Katherine Berry, Gillian Haddock and Georgie Paulik
SECTION 4 - THERAPIES
15. Cognitive Behavioural Therapies for Psychosis
Louise Johns, Louise Isham, and Rachel Manser
16. Third Wave CBT Interventions for Psychosis
Lyn Ellett and Jessica Kingston
17. Cognitive remediation to improve functional outcome
Alice Medalia and Alice Saperstein
18. Promoting psychosocial functioning and recovery in schizophrenia spectrum and other psychotic disorders
Olga Santesteban, Simon Rice, Cesar Gonzalez Blanch and Mario Alvarez-Jimenez
19. Trauma informed therapies
David P. G. van den Berg, Irene van de Giessen and Amy Hardy
20. Better sleep: Evidence-based interventions
Felicity Waite and Bryony Sheaves
21. Get moving: physical activity and exercise for mental health
Hamish Fibbins, Oscar Lederman, Simon Rosenbaum
22. Treating comorbid substance use and psychosis
Amanda L. Baker, Alexandra M.J. Denham, Sonja Pohlman, and Kristen McCarter
23. A brief guide to medications for psychosis
24. Get in early: Early intervention services for psychotic symptoms
Jesse Gates and Eoin Killacky
SECTION 5 - NEW DIRECTIONS IN RESEARCH AND PRACTICE
25. Beyond belief: new approaches to the treatment of paranoia
Philippa Garety, Thomas Ward, and Mar Rus-Calafell
26. Being a scientist-practitioner in the field of psychosis: Experiences from voices clinics
Georgie Paulik, Neil Thomas, Evie Glasshouse, and Mark Hayward
27. The therapeutic use of digital technologies in psychosis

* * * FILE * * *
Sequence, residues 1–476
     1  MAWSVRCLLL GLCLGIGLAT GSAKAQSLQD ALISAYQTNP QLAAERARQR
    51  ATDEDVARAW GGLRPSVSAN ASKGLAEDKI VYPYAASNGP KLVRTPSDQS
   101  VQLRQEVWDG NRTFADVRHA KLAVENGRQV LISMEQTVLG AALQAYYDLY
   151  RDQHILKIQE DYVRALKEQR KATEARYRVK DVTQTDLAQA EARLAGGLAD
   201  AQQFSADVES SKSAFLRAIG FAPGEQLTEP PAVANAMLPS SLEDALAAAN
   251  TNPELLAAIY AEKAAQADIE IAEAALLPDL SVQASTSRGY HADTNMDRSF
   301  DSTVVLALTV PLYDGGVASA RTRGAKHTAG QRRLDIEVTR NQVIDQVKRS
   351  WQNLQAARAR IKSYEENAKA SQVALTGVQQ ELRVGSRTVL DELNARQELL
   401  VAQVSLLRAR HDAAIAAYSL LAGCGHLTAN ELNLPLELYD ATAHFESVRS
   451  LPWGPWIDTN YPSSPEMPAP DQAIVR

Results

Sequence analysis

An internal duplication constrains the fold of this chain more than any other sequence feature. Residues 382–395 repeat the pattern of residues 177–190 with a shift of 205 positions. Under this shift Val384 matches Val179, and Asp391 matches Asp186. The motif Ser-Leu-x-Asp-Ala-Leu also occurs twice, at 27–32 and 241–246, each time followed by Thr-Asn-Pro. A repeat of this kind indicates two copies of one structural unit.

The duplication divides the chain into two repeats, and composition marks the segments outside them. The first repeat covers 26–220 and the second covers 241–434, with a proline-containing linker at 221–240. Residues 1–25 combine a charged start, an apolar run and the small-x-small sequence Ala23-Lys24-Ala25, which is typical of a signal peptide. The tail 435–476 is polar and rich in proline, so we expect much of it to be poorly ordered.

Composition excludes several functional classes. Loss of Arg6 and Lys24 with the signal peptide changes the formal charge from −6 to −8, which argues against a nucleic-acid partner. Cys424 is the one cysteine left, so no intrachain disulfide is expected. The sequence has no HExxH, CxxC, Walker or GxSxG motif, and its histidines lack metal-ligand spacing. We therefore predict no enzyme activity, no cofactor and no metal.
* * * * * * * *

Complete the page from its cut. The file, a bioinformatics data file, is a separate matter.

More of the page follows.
Imogen Bell, Michelle Lim and Neil Thomas
28. Tracking language in real time in psychosis
Terje B. Holmlund, Taylor L. Fedechko, Brita Elvevåg and Alex S. Cohen
29. Integrating lived experience perspectives into clinical practice
Catherine van Zelst
- No. of pages:
- © Academic Press 2020
- 18th October 2019
- Academic Press
- Paperback ISBN:
- eBook ISBN:
Johanna Badcock is a Fellow of the Association for Psychological Science and has been conducting clinical research on psychotic symptoms and disorders for over 25 years. She graduated with a BA in Experimental Psychology from the University of Oxford, and received her MA (Clinical Psychology) and PhD on psychosis proneness, from the University of Melbourne. Her studies have mainly focussed on unravelling the cognitive, emotional and social mechanisms involved in the individual symptoms of psychosis, especially auditory hallucinations. She has mentored students in clinical and neuropsychology over many years and is now the Research Director of Perth Voices Clinic – an integrated clinical and research facility for people with anomalous perceptual experiences which also provides advanced training for future clinical psychologists.
School of Psychological Science, The University of Western Australia; Perth Voices Clinic, Western Australia, Australia
Georgie Paulik is a clinician-researcher and Clinical Director of Perth Voices Clinic, Western Australia. She graduated with BSc (Honours) and Masters (Clinical Psychology) / PhD from the University of Western Australia. For the past decade her research and clinical work have centred on voices (auditory hallucinations), early psychosis and the prevention of illness in people at ultra-high-risk for psychosis. She provides training and supervision to postgraduate clinical psychology students in the delivery of psychological interventions for voices, as well as advanced training for mental health clinicians in this (and related) areas.
Perth Voices Clinic, Western Australia; School of Psychological Sciences, the University of Western Australia, Western Australia